Free jazz can be a dicey thing. When one is literally pulling everything out of the ether, one runs the risk of creating work that may have visceral impact but has little in the way of a sense of inner logic and inner construction. For fifteen years or so, tenor saxophonist Ivo Perelman has almost exclusively been working in the free jazz arena, and while the success of his output has been mixed, it would be unfair to call him anything but intensely devoted to his craft. Perelman’s best works have a kind of gut-punch impact to them, and his latest release, the double-CD work Suite for Helen F.
, is nothing if not deeply emotional and provocative.
That being said, Perelman’s work is clearly not for everyone. Even aficionados of free jazz may find his work too raw for their liking; those who prefer more chamber-like free jazz will find this far too intense. However, fans of late-period Coltrane, Science Fiction -era Coleman or the more abstract work of Albert Ayler will find plenty to like in Suite for Helen F.
Backed up by two bassists (Dominic Duval and Mark Dresser) and two percussionists (Jay Rosen and Gerry Hemingway), Perelman has enough instrumental support to range from spacious microtonality to mind-thumping intensity, with an emphasis on the latter. As has been his habit, Perelman has surrounded himself with a fine group of free players whose instincts are strong; even though there are two players (times two) occupying the same aural space, they rarely get in each other's way. Things may sometimes get cluttered, but one gets the sense that each player implicitly chooses a role, for any given segment, that complements rather than detracts from the role of the other. As dense as the proceedings often get, individual players are always discernable.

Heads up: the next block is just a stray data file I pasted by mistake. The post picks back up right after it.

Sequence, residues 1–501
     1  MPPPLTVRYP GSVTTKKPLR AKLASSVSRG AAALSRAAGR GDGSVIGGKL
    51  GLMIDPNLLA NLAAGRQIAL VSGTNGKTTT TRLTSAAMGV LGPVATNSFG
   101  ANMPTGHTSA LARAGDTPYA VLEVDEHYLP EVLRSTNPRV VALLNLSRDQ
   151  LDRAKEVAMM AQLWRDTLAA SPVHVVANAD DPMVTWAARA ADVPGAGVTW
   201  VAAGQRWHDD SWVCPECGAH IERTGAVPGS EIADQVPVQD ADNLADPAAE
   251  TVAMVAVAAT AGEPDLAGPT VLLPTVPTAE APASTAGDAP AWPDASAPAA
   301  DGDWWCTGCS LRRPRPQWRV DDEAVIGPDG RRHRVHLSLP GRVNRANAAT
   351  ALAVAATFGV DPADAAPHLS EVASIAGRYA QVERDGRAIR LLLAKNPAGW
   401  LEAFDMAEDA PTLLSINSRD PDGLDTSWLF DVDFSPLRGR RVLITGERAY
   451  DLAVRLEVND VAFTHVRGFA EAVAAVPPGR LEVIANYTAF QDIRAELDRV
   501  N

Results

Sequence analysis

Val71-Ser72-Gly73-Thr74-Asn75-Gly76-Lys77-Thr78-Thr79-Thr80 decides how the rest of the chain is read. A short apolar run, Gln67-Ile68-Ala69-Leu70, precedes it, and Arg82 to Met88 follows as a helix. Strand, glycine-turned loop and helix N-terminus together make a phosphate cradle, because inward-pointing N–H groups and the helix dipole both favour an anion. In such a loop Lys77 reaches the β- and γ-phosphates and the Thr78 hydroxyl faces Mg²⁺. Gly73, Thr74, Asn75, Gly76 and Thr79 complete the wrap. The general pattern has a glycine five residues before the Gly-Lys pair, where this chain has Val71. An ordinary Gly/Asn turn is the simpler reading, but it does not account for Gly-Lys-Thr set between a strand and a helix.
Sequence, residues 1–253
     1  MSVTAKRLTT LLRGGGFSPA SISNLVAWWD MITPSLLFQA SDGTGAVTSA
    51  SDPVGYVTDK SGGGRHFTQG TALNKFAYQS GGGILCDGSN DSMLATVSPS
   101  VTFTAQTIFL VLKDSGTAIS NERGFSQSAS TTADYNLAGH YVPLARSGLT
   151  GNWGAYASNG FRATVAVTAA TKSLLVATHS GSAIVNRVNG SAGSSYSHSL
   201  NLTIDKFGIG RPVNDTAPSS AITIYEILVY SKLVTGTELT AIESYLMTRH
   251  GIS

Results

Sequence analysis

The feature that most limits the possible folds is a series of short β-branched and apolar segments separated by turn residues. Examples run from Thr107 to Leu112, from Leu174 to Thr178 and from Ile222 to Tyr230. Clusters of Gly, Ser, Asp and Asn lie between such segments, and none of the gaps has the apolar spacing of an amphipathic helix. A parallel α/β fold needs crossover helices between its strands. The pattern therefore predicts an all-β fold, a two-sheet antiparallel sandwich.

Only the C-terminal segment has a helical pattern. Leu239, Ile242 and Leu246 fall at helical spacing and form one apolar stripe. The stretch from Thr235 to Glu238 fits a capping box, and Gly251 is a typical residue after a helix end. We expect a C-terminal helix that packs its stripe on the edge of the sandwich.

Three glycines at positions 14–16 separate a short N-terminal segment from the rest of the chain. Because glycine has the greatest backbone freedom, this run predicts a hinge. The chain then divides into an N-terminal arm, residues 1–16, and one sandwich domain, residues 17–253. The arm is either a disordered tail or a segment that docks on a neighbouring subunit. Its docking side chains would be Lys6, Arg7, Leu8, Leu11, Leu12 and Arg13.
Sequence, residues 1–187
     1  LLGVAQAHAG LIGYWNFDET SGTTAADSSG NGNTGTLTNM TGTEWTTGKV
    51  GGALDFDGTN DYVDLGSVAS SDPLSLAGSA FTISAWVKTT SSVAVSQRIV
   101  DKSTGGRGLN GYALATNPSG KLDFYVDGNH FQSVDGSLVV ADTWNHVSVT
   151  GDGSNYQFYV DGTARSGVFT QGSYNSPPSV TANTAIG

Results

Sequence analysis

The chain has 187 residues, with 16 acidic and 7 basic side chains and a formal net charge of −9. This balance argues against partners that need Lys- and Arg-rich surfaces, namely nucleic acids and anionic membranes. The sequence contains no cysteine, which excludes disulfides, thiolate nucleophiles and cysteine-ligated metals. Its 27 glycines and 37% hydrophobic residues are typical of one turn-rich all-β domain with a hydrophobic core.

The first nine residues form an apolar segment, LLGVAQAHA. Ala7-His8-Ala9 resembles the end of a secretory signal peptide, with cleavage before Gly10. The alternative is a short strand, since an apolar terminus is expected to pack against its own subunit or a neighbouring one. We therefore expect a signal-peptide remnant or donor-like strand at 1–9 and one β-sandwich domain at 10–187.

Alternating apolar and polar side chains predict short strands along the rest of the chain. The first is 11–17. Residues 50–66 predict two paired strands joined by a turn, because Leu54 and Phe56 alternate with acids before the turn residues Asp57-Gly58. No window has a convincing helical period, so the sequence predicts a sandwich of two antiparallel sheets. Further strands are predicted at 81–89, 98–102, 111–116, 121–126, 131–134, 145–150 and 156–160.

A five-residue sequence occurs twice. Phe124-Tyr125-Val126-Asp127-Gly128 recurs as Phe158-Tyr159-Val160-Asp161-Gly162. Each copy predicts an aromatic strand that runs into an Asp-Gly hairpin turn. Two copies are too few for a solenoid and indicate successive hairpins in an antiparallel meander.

There is no question that two CDs worth of this kind of material is draining; one is left feeling exhausted, and with a real need to cleanse the palette. But the inherent emotion and astounding energy of this music has its own merits, and Perelman is nothing if not passionate. There is the impression that Perelman is literally purging himself of his demons; there is a clear sense of reckless abandon. But, within the confines of each piece, there are variations in tone, timbre and texture, and a sense of development that implies a larger game plan. Clearly, while this is free jazz in the purest sense, there is an arc to the entire suite that infers something bigger.
For the daring listener with an ability to handle some serious energy, Suite for Helen F. holds many rewards and is well worth the (extended) time.
Personnel: Ivo Perelman (tenor saxophone), Dominic Duval (bass), Mark Dresser (bass), Gerry Hemingway (drums), Jay Rosen (drums, percussion)